This feature was published in conjunction with the screening of The Italian Straw Hat at SFSFF 2016
The Mostly True Life of Olga Chekhova
When historian Antony Beevor went looking for the truth behind the improbable life of Olga Chekhova, he was frustrated by her misleading autobiography, going so far as to call the two volumes published in 1952 and 1973, respectively, “exasperatingly disingenuous.” Fudging the facts in service of myth, especially in the entertainment industry, surprises no one. Little lies on the resume become how you get a job, how you get quoted in the press, how you cement a legacy. Chekhova’s case, however, is all the more intriguing because she didn’t have to embellish or invent. Her life’s raw biographical data is stuff enough for legend.
At sixteen she went to live, against her father’s wishes, with her paternal aunt, the great stage actress Olga Knipper-Chekhova, widow of Anton Chekhov and former sweetheart to one of the founders of the Moscow Art Theater, the wellspring of what became known as “the Method” school of acting. Chekhova’s maternal uncle, Vladimir Knipper, was an opera singer and one-time director of the Bolshoi. Her brother, Lev Knipper, became a celebrated Soviet composer. The Knipper family milieu included visits from Maxim Gorky (hopelessly in love with the widow Chekhova). Permanently seduced by the artistic life, young Olga married her cousin Mikhail Chekhov, nephew to the famous writer and a rising star on the Moscow stage. Even though their marriage was brief it produced a daughter and gave Olga visibility as part of the artistic dynasty, which she made the most of in forging a career of her own.
She survived two winters in Moscow during the grueling years of the Civil War that followed the Russian Revolution in a communal flat with her sister Ada. They endured overnight breadlines menaced by opportunistic thieves as well as the threat of rape or a lecherous exchange proposed by men with the means to negotiate, as the city sank into further squalor with cholera and typhus epidemics. Depending on which version you believe, she smuggled herself out from the Belorussky station during the Red Terror wrapped in peasant garb or on the arm of an Austro-Hungarian cavalry captain. She left her young daughter in the care of her mother and father, a railroad engineer allowed to evacuate to Siberia.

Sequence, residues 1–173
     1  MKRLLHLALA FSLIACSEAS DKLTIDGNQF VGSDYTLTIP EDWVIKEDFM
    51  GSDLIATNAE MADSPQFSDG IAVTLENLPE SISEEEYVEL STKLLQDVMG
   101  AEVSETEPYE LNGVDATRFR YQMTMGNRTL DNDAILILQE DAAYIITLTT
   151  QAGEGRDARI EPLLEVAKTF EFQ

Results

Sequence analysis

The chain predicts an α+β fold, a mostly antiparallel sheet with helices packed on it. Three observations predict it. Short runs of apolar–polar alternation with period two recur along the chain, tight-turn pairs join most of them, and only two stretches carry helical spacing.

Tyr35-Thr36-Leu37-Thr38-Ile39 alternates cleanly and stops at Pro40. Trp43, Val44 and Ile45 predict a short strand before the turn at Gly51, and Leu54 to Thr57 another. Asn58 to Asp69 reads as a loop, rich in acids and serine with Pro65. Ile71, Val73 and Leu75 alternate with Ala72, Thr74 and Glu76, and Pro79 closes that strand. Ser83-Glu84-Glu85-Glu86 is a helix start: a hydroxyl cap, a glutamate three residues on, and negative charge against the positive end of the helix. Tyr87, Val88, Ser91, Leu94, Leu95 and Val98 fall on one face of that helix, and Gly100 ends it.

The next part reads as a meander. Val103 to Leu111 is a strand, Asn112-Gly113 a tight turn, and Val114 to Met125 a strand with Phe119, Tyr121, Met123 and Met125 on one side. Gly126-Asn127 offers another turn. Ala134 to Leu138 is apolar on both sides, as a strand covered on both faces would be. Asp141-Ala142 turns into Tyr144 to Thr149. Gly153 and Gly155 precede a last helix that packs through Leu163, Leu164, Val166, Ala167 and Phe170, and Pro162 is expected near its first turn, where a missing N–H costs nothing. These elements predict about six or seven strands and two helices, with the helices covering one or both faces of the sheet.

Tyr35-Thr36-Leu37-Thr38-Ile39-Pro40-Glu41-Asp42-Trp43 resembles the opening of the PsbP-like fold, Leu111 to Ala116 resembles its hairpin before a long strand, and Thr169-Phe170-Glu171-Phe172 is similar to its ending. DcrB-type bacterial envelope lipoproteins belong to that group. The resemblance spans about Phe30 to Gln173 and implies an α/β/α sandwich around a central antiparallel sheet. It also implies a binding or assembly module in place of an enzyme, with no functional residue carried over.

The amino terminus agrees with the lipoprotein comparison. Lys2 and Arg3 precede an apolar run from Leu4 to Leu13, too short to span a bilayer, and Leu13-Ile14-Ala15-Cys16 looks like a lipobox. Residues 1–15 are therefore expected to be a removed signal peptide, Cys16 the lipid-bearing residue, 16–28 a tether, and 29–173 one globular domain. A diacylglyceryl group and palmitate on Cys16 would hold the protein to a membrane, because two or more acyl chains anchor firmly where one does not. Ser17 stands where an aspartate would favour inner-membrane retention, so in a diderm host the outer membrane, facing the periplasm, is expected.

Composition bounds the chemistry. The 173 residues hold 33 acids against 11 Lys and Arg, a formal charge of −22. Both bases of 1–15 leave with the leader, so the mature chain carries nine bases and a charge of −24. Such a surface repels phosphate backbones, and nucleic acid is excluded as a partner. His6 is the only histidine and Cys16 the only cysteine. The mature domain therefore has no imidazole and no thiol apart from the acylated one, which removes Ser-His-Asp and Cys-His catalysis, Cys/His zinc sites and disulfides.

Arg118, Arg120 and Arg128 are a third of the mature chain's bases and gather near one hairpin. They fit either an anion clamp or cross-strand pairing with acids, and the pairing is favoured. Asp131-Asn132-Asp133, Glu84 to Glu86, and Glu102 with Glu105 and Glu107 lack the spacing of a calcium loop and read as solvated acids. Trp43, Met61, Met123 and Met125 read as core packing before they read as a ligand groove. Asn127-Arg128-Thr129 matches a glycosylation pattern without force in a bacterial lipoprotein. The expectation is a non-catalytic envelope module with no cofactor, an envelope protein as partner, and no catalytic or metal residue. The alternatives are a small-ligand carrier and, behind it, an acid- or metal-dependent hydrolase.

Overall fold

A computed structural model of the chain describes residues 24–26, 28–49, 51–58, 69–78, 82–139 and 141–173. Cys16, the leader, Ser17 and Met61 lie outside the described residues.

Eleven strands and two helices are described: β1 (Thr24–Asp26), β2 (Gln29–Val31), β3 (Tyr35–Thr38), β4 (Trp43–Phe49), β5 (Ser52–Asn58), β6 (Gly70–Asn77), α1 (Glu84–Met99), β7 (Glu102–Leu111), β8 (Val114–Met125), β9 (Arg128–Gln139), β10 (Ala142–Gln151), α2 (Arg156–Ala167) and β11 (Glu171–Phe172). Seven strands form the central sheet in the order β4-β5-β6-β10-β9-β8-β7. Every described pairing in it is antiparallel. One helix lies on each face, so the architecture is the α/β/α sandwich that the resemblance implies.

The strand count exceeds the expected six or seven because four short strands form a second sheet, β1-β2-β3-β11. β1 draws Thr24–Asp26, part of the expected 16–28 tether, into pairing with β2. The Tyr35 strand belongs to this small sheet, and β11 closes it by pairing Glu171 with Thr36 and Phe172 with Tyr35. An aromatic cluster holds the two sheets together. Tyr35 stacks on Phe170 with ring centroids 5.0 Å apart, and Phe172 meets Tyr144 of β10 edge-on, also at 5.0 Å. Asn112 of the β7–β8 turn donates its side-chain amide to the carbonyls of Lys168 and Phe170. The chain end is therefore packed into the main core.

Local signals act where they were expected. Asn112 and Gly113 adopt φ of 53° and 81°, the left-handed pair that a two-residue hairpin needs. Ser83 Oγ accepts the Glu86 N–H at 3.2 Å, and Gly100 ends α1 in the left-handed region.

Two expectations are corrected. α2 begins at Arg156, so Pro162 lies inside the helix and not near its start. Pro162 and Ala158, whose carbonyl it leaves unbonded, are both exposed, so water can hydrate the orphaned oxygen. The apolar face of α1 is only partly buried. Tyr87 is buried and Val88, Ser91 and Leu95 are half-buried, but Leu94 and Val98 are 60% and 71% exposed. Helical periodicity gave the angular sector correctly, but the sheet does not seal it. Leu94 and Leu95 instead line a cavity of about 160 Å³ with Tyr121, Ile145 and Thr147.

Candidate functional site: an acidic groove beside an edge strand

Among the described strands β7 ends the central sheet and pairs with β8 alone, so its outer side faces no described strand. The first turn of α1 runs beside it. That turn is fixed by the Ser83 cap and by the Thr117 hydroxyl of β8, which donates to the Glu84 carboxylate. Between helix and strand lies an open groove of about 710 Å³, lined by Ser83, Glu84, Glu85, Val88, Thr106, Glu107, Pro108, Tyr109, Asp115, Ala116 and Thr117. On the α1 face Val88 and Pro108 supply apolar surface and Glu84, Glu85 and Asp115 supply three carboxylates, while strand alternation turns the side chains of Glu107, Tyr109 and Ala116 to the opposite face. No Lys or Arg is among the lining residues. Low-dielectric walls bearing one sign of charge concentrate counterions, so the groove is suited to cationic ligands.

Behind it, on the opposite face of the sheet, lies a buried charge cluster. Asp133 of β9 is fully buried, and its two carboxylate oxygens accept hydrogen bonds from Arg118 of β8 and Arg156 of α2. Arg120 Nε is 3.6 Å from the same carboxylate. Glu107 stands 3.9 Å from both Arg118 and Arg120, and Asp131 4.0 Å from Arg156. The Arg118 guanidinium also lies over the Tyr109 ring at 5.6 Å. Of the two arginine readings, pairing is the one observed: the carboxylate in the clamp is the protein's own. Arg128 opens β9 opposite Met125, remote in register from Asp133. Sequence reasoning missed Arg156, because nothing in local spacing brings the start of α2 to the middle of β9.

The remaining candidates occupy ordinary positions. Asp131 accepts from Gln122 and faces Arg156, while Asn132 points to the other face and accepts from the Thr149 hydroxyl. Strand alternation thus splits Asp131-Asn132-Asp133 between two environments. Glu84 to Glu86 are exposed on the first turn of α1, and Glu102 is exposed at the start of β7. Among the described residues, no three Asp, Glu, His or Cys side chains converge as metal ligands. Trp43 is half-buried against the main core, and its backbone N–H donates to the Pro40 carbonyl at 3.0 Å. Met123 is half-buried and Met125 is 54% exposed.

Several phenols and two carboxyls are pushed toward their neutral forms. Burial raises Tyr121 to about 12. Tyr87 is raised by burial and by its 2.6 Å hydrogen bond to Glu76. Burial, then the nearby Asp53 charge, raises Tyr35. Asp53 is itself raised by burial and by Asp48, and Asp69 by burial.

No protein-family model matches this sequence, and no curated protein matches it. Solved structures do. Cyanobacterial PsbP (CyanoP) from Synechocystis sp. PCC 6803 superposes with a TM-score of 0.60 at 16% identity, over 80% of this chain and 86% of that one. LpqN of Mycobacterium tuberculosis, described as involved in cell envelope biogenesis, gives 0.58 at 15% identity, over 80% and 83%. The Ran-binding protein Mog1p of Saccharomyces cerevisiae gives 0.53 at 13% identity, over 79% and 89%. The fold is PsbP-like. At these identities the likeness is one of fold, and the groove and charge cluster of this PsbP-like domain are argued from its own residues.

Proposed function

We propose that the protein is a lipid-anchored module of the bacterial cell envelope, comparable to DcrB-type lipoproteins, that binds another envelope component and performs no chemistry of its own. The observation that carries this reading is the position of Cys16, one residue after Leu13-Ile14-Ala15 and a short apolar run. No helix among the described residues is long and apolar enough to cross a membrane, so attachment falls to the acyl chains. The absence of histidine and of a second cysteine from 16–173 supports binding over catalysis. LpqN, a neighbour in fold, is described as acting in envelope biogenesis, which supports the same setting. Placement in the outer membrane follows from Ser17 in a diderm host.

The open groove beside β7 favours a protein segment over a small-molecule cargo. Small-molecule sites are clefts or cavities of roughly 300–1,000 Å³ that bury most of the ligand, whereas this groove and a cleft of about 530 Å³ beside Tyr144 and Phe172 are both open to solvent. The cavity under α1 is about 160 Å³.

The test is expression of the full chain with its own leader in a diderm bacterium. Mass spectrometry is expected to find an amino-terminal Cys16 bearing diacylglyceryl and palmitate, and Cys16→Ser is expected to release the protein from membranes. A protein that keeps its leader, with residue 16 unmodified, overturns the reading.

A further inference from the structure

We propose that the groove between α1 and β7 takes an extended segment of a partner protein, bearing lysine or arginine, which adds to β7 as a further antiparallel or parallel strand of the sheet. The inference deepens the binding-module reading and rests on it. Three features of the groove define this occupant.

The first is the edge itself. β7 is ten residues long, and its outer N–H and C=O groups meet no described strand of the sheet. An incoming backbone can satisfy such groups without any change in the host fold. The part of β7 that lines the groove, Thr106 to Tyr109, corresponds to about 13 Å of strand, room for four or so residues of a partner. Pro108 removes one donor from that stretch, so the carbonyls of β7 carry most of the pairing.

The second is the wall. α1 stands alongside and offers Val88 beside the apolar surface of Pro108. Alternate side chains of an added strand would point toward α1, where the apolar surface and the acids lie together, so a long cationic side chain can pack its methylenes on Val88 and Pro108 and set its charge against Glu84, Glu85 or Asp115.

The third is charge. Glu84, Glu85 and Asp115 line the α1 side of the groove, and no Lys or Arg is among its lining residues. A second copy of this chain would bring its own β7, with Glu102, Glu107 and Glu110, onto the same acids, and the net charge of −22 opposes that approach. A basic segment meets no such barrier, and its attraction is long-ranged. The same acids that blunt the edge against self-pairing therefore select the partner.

Chekhova had played minor roles in a few Russian silent films after her divorce. In Berlin, while making a living selling her illustrations and sculptures, she mixed with the Russian diaspora there, one day borrowing clothes so she could audition for producer Erich Pommer and director F.W. Murnau who cast her in his 1921 film The Haunted Castle. One reviewer compared her portrayal of the film’s brooding baroness to stage legend Eleonora Duse.
Her letters home downplay her film work as a way to make ends meet and play up her reception on the Berlin stage, where she made her debut in 1924. She pulled double shifts, driving to Babelsberg for filming during the day and appearing onstage at night. She was able to buy a big apartment and began to collect her family from Russia and even helped ex-husband Misha and his new wife, resettling them near her in Berlin and later directing him in a film.